Throughout the French Revolution, many types of governmental experiments were attempted, ranging from monarchies to dictatorships to democracy. While many people feel that this decade should no longer be analyzed because of all of its terror and deaths, one must remember that many great lessons can be learned from these mistakes on how to run a government to fit both the needs of the people and the country itself. There are many lessons that can be learned through the actions of the French Revolution through great figures and names such as Napoleon, King XVI, and the National Convention for how one must find the balance of having to please both the people and the country in order to lead a strong and successful government.
King Louis XVI was a leader who managed to prove that if one wants to run a triumphant government, they must have interest in their people. This lack of interest leads to the people no longer wanting him as their King: "King at age of 19, Louis XVI cared more for hunting than governing his country" (Miller, 145). Because of this, many people feel that one of the reasons the French Revolution started in the first place was since unawareness to his country. The people felt that they were being treated unfairly by not getting any recognition from the King, causing them to become angry cause violence through acts such as riots.Through this, people have learned that all leaders must be fully involved in their country, and not get distracted with issues such as hunting.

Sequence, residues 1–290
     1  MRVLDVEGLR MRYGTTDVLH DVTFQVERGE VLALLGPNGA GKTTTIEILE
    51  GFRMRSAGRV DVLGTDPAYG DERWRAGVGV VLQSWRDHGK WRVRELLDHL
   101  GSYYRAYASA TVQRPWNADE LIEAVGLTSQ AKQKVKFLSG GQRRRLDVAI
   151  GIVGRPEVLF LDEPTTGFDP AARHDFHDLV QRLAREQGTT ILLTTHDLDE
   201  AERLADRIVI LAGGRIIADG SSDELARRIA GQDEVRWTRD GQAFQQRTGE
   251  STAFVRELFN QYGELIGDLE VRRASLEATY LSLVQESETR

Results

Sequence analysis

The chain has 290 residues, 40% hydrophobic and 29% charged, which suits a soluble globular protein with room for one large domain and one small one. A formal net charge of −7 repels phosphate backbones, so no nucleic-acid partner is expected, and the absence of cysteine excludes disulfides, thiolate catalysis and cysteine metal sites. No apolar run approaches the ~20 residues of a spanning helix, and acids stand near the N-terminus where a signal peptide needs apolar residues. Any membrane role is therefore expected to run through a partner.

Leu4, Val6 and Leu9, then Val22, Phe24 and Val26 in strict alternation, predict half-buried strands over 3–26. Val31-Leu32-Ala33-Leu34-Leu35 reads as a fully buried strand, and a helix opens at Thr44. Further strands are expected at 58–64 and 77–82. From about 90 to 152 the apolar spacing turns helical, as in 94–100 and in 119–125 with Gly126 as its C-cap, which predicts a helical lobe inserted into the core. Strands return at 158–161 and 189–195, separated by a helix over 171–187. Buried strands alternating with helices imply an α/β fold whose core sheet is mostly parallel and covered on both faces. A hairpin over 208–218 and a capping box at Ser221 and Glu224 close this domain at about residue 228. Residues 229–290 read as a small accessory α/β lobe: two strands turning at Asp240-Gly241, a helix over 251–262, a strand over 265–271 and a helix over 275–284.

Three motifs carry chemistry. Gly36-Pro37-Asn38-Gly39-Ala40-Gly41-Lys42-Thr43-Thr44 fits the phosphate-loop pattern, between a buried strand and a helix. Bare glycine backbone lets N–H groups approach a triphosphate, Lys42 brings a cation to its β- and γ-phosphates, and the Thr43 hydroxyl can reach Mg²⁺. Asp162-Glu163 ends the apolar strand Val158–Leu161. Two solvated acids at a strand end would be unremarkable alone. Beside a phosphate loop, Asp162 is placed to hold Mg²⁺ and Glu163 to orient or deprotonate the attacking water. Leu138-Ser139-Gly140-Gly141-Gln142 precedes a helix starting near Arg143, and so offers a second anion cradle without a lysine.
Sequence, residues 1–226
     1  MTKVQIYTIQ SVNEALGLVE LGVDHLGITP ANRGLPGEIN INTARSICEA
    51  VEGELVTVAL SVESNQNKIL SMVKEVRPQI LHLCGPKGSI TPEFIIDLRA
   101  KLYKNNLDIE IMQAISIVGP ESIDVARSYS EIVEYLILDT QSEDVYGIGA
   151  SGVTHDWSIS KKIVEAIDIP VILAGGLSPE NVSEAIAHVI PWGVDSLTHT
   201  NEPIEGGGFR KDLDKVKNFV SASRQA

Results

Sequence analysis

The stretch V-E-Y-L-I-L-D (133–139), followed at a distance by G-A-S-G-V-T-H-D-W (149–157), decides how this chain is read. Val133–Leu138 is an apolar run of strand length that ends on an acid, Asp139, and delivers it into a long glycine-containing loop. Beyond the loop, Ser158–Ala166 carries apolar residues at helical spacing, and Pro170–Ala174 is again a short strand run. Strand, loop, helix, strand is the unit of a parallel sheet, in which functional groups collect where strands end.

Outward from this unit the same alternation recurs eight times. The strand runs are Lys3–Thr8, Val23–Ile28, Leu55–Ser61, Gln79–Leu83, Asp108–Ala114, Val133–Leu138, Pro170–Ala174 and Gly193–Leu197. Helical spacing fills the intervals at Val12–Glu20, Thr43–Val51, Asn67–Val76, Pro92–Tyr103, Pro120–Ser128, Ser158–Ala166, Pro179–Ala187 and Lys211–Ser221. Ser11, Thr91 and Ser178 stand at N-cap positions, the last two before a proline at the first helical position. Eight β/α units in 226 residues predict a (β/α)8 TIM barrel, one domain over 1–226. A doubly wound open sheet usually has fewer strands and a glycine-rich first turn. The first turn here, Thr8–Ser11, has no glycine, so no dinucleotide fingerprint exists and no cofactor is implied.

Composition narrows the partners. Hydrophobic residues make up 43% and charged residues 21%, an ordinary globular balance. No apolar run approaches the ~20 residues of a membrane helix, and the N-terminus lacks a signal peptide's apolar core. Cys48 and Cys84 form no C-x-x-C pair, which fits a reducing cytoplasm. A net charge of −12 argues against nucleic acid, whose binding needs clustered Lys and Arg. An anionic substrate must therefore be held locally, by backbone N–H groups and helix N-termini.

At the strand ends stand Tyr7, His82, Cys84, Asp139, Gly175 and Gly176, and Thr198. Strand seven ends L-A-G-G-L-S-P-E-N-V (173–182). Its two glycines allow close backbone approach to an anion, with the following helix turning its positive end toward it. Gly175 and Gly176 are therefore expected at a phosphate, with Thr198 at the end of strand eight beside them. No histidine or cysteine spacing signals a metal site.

One of the common problems that can be learnt through the French Revolution is how the concept of power can often have a negative effect on the rulers. When people would all of the sudden obtain such big roles such as being the leader of a country, they would often let power distract them and block out the original goals that they set for the country. One example of this power was through the Reign of Terror led by Maximilien Robespierre of the National Convention.